PayPal, in typical fashion, has done half-a-job in making things work.  Once I discovered what I needed to change to get the IPN working with Woocommerce I went and updated my IPN address in PayPal.   Well, in a wonderfully useful moment of forward-thinking by the PayPal dev team, I learned that if you change the IPN service address TODAY then any transactions posted before TODAY will not use the new address.

OK, I guess I get that, but here is the fun part.   I have several transactions from this morning that were sent to the wrong location.   So I just change the setting to the new location, find the transaction, and click the “resend IPN transaction to your server” button.  That should do it, right?  WRONG.   They never read the updated URL.   Thus there is NO WAY to get those few wrong transactions to be put through to my server and “do the magic”.    What a PITA.     Because of this one simple issue I then spent another hour hacking Woocommerce so I could fake an IPN transaction without leaving a huge gaping security hole in my site.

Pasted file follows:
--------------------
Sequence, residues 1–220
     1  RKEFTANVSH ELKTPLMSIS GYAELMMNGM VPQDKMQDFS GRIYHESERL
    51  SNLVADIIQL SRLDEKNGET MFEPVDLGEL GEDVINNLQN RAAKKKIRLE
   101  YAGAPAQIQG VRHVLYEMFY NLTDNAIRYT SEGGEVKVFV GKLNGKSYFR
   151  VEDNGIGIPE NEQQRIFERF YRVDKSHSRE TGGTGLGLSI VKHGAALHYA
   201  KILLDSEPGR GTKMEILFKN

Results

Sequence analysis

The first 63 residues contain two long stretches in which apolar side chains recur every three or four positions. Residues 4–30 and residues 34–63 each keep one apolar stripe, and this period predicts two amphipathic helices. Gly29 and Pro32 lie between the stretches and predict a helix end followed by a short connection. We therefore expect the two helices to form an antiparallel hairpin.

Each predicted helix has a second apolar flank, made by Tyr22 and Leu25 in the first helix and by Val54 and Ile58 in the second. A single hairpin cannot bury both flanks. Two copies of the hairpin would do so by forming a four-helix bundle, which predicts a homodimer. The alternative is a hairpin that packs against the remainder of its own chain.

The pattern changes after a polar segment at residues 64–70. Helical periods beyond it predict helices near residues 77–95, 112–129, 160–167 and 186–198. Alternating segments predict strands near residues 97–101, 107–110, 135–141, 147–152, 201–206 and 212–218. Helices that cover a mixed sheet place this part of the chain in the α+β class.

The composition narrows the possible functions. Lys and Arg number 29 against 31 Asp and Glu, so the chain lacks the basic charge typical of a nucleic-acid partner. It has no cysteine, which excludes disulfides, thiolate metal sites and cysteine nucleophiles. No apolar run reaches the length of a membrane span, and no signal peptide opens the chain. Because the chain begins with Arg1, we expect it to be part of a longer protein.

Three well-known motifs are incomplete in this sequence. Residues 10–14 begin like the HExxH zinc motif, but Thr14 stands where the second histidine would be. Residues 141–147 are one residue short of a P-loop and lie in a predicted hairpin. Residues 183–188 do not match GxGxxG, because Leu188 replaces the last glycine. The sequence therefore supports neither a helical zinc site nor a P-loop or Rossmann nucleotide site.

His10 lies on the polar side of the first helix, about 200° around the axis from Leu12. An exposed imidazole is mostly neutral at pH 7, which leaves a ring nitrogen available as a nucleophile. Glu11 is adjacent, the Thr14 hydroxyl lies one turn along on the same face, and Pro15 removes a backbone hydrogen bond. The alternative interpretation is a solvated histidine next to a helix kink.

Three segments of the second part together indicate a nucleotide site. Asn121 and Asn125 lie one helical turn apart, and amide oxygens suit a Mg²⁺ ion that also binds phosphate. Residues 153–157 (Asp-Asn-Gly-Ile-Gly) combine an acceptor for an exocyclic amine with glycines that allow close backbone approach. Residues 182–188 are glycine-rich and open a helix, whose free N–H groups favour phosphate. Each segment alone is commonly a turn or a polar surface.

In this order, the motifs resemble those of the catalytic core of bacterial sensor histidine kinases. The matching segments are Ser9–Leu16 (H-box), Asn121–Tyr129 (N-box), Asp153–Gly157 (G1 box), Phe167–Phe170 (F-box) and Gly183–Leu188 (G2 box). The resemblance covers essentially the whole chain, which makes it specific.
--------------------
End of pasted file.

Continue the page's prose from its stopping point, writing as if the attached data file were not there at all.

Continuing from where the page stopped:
Thanks PayPal.

Oh… and for the record, your PayPal IPN needs to be like this:

http://<your site>/?wc-api=WC_Gateway_Paypal

NOT the old-school /?paypalListener=paypal_standard_IPN setting.

However, not to be outdone, Microsoft decided to get in on the act.

Azure Code-word For…

I finally figured out why Microsoft named their new cloud service Azure.    At first I thought it was some clever reference to the sky… you know, clouds are in the sky, the sky is blue, but Amex kinda took that word and marketed the crap out of it… so clever Microsoft came up with Azure.  How cute.   But then I figured out what it really means…

Servers are shutdown out of the clear azure… I mean blue…

Yup, that’s right.    Here I was logged in to the middle of a log tracking session as a priv’ed user and suddenly out of nowhere I get a “Server being shut down for POWER OFF. Now.”.   WTF?!?!?    Yeah, that’s right.   Microsoft decided to just shut down my server.     I can’t get any answers from them as to what might have happened, how to look for potential issues, NOTHING.  Not a word.